"As the U.S. population has increased, the percentage served by public water systems has also increased. Each year new water lines are constructed to connect more distant dwellers to centralized systems, continuing to add users to aging systems," Gregory DiLoreto, its president-elect, told the Senate subcommittee on water of the Environment and Public Works Committee.
"Although new pipes are being added to expand service areas, drinking water systems degrade over time; they must be replaced at the end of their useful life, which ranges from 15 to 95 years," he said.
The demand is growing as the U.S. population increases, the Environmental Protection Agency's director of wastewater management, James Hanlon, told the subcommittee.
"Communities across the country identified the need for $300 billion in wastewater and $335 billion in drinking water infrastructure improvements for capital expenditures over the next 20 years," he said.
On a scale of A through F, where "F" stood for failure, the society gave the U.S. wastewater and drinking water infrastructure a "D-" in 2009.
"Each day, the condition of our water infrastructure results in significant losses and damages from broken water and sewer mains, sewage overflows, and other symptoms of water infrastructure that is reaching the end of its useful life cycle," said Sen. James Inhofe, the most powerful Republican on the Environment and Public Works Committee.
Most of the country obtains water from public systems operated by local authorities, which borrow from the federal government, charge users fees and issue bonds to fund repairs and new construction.
The federal Clean Water and Drinking Water State Revolving Funds have financed more than $111 billion of infrastructure projects since 1987, Hanlon said. The federal stimulus plan in 2009 put nearly $6 billion into 3,214 projects through the revolving funds.
The funds, which make loans and then use the debt repayments to make new loans, are "the basic mechanism for assistance to communities in addressing water quality issues," Joe Freeman, financial assistance division chief for the Oklahoma Water Resources Board, told the subcommittee.
"Currently, funding levels are decreasing while the restrictions and set-asides for those funds are increasing, thus making the program even less sustainable and growing the gap of un-met needs," he said, adding that the EPA's current oversight "stifles innovation and the abilities of states to best respond to local needs."
Nowhere is the struggle to cover the costs of sewer improvements more apparent than in Jefferson County, Alabama. It embarked on a complicated financing scheme to retrofit its sewers that ultimately led the county to file for bankruptcy and pushed taxpayers' monthly sewer bills close to $100.
By 2050, the U.S. Census expects the country's population to have increased by 35 percent, Hanlon told the subcommittee.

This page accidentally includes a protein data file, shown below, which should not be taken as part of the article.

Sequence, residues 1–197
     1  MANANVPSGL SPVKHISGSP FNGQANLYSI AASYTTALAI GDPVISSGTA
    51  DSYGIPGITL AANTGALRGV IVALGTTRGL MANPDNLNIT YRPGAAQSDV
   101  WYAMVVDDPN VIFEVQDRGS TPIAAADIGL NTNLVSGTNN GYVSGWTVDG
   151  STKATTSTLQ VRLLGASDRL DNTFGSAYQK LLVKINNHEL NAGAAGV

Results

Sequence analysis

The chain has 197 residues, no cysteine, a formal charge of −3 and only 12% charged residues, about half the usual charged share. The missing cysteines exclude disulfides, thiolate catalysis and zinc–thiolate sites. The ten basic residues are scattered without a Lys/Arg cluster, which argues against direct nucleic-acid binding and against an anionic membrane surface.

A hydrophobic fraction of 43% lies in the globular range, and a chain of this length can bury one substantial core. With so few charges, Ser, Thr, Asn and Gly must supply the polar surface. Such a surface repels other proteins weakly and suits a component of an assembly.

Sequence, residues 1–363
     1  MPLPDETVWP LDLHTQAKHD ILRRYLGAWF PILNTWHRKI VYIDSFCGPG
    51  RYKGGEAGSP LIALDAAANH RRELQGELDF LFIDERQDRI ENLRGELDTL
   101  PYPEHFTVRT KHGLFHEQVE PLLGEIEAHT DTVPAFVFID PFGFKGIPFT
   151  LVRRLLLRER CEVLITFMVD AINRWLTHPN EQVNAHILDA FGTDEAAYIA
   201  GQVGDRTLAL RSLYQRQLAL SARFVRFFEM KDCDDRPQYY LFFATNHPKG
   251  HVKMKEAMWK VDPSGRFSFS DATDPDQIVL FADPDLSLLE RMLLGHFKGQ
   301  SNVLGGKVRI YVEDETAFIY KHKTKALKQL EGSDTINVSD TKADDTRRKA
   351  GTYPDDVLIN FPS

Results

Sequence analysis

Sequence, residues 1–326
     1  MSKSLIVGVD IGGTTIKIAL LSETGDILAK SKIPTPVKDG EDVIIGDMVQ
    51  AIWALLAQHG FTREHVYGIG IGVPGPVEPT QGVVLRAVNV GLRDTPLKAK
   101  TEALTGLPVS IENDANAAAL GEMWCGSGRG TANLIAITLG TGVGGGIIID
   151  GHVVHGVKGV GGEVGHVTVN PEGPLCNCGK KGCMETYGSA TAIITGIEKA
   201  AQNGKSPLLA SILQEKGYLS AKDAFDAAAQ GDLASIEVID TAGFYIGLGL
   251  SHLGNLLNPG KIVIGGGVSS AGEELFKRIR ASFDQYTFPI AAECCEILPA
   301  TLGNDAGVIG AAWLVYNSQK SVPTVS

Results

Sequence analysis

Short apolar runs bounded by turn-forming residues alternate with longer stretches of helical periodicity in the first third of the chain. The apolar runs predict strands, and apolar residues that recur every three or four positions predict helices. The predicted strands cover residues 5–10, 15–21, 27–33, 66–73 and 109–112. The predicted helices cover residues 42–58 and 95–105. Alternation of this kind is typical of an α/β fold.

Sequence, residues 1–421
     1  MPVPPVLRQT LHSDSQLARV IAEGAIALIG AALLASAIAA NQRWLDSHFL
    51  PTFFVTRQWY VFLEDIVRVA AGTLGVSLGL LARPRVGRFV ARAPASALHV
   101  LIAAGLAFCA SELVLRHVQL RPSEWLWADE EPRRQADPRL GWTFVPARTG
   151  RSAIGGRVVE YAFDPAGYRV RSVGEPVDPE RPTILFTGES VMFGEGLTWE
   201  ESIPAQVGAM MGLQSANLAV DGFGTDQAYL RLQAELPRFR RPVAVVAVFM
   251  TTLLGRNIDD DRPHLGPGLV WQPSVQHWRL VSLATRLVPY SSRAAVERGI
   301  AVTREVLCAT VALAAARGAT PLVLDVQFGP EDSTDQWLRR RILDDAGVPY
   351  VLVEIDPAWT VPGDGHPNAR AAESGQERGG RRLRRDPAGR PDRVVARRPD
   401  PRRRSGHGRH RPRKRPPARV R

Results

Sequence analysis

"Many of the environmental successes of the past three decades may be overwhelmed by future demands," he said. "These water and wastewater infrastructure challenges will be faced by systems across the country, both in our large and growing urban centers as well as our rural towns."
GUERNSEY DOES NOT NEED TO TREAT SEWAGE FULLY
The current method of pumping sewage out to sea was not found to impact on the marine environment
16 December 2011
Guernsey does not need to build a full sewage treatment plant, according to a report into the impact of pumping the waste out to sea.
UK firm Metoc investigated the potential cost and benefits of additional sewage treatment.
It found a treatment plant, estimated at a cost of £100m over 25 years, would provide no environmental benefit.
Public Services Minister Bernard Flouquet said the report showed nature provided effective sewage treatment.
He said the current system met most European and international standards.
At the moment waste water, including sewage, is screened before being discharged from the Belle Greve pumping station into the Little Russel, about one mile offshore via the main long sea outfall.
The States approved an £11m upgrade to the existing station on Thursday to improve the screening process.
'May be unpalatable'
The £200,000 report found the only requirement the island does not currently meet could be achieved by installing a new long sea outfall, at a cost of £6-8m, which is set to be approved in January.
It also concluded the current method had no adverse impact on bathing water quality at beaches outside Belle Greve, or on local shell fisheries.
The report recommended continued monitoring of the impact and changing international requirements.
Deputy Flouquet said the studies were commissioned to identify the best method for adopting full sewage treatment.
He said: "The current method of dealing with sewage may be unpalatable to a lot of us, but if it currently meets international standards you have to question what rationale there is for spending such large amounts of money to implement further treatment.
"However, this is an issue which we know many people have strong views about, so we need to have an informed debate. The scientific work that has been carried out will assist with that."
The estimated cost of £100m for a full sewage treatment plant was based on a similar UK scheme.
It included construction costs of £45-55m and annual costs of £2m, but did not include a budget to buy the land needed for the building or any interest payments needed for any loans.